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How does energy storage reduce blackout concerns for tertiary players and reduce their energy costs?

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To deal with the risk of blackouts, announced by RTE, from January 2023, and to avoid a costly decrease in activity, professionals have the possibility to equip themselves with energy storage or inverters (up to ‘up to two hours’ autonomy depending on the application) in order to ensure business continuity.

Property owners in Europe are increasingly turning to battery energy storage systems to reduce anxiety about possible power outages and mitigate the impact of higher energy prices this winter.

Storing less expensive energy during peak hours as well as renewable energy from solar panels, for example, through battery systems, is a first step towards decentralized energy transition and an effective way to deal with fluctuations in electricity costs. It is also a solution to protect against possible cuts. Businesses can conserve enough power to get through blackouts and lower their bills by switching to battery power when prices are at their peak.

It sounds simple, but for most consumers, it’s a new way to manage energy. Doing it right requires paying close attention to how the building uses energy to understand the best time to charge and discharge the battery storage system.

The importance of infrastructure

Although recent, this growing interest in energy storage systems sheds light on future directions. In the future, we will all manage energy differently, not only because of cost, but also to help the power grid absorb more renewable energy and meet electricity requirements.

As the phasing-out dates for petrol and diesel vehicles approach, electric vehicle sales continue to soar. By 2030, millions of electric vehicles will be circulating on the roads of Europe, with aggressive development of charging stations in car parks equipped with shades with photovoltaic panels (all car parks over 1,500 square metres).

The power required for these vehicles must be available and the load must be managed intelligently to avoid peak periods in demand. Energy storage systems will be an important part of the equation, as will the infrastructure to support bi-directional energy flows. Electric vehicles will play a unique role as a carrier of charge and as a power reserve through their batteries.

Everything as a network

Whatever uses or produces energy will develop a new relationship with the grid in order to allow decarbonization through electrification of uses. One-way flow of power from generation companies will give way to a flexible system in which power is generated in many places, delivered where it is needed and priced accordingly.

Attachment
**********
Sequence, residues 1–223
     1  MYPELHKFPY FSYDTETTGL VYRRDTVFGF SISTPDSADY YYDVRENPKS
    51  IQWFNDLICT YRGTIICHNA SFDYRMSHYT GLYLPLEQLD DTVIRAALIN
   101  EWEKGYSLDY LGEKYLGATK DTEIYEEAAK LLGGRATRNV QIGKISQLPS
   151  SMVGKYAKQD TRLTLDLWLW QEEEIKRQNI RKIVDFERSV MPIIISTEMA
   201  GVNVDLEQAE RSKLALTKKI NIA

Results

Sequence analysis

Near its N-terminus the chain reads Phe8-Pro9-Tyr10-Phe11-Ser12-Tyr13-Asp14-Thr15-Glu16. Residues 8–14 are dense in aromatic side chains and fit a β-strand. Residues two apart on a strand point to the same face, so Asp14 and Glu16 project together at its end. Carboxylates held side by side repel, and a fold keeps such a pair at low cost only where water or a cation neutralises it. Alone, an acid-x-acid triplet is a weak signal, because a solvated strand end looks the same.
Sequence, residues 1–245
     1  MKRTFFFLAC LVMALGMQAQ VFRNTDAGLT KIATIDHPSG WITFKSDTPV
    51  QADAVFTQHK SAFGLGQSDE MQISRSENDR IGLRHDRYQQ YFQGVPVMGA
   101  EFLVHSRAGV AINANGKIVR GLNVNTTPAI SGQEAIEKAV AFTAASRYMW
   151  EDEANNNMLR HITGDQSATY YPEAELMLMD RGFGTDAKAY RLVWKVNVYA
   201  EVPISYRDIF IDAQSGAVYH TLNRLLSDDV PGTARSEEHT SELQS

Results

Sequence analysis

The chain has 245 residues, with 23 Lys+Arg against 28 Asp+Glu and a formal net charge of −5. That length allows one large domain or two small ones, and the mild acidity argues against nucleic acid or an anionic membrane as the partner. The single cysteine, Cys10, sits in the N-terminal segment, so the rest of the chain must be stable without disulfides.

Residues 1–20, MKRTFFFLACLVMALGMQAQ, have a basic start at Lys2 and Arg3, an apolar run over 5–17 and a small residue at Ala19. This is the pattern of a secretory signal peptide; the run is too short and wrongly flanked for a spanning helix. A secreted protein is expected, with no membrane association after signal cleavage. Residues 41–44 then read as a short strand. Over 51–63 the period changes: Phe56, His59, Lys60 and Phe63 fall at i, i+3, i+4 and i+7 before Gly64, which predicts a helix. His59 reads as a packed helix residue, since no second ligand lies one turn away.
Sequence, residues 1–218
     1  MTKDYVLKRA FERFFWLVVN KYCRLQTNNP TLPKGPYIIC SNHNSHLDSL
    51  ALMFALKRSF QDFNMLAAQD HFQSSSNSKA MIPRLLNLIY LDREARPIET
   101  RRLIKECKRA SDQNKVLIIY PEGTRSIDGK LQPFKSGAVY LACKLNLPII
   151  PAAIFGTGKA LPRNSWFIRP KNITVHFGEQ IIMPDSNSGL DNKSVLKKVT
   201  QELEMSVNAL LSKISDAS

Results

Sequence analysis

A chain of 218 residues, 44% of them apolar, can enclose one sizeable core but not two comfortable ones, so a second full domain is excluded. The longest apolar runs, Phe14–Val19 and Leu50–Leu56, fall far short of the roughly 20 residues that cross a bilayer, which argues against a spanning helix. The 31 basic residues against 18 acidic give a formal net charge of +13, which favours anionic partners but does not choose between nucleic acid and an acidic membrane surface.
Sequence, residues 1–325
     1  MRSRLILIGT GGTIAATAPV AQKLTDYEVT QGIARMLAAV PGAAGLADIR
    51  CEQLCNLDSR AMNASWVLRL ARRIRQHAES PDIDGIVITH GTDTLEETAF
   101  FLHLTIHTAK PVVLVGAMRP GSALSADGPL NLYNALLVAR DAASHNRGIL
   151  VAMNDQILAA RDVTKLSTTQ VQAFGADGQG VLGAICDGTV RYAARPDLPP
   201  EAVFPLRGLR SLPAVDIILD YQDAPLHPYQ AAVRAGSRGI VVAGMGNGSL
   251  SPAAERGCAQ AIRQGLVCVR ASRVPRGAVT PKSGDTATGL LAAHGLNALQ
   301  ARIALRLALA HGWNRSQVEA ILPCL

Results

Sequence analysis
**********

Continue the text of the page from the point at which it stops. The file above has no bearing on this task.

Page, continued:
The development towards energy storage that has been observed in Europe in recent months is part of a movement already underway, accelerated by the sudden international price hike.

Energy storage systems are a good investment within a strategic approach to energy transition and can ultimately make it possible to optimize energy consumption in markets that will experience high price volatility, for example, future hourly rates. Along with electric vehicle charging stations and renewable energy sources such as solar panels, energy storage is an essential part of the electrical infrastructure for most homes and commercial buildings of the future.

Consumers are at the heart of energy optimization

The type of installation that connects electric vehicles to buildings, renewable energy sources, and energy storage is known as a strip coupling. This involves, for example, using energy from the solar panels of a building or a shaded car park with photovoltaic panels to either supply applications within the building (including charging), or to exchange it on the electricity grid in order to balance supply and demand, with programs running on Improve energy flows.

This innovative approach is still little known, however it is likely that we will all get used to the kind of decentralized energy model necessary for decarbonisation. In fact, a new term—the consumer—was coined to describe how companies and individuals produce, consume, and exchange energy on the electricity grid.

Consumers will need energy storage capacity to make the decentralization work, either in battery storage systems or in EV batteries connected to buildings via charging stations. These are investments that they are likely to benefit from. The power grid will need storage capacity to handle the growing volumes of intermittent and variable power from utility-scale wind and solar farms, and to and from consumers.

Back to the battery

However, all this may seem far removed from the current phenomenon of developing battery energy storage systems, which is based on understandable concerns. It’s easy to see why small businesses that use energy on a household scale, such as restaurants that store food in refrigerators, are among the many people who fear not only rising costs, but also what might happen in the event of a sudden blackout.

Battery energy storage systems provide them with some peace of mind, especially thanks to a backup power source that ensures continuous operation of critical equipment and prevents it from suffering costly damage in the event of a sudden loss of current or surge when power is restored.

Obviously, the immediate needs are great, but it is the long-term benefits of flexibility that will make energy storage investments profitable. The energy transition will lead to a large number of new energy flows. One of the best ways to take advantage of this would be the use of energy storage systems and electric vehicles.

Tribune was written by Christophe Bourgel, Business Developer of Power Transmission and Storage Solutions at Eaton in France

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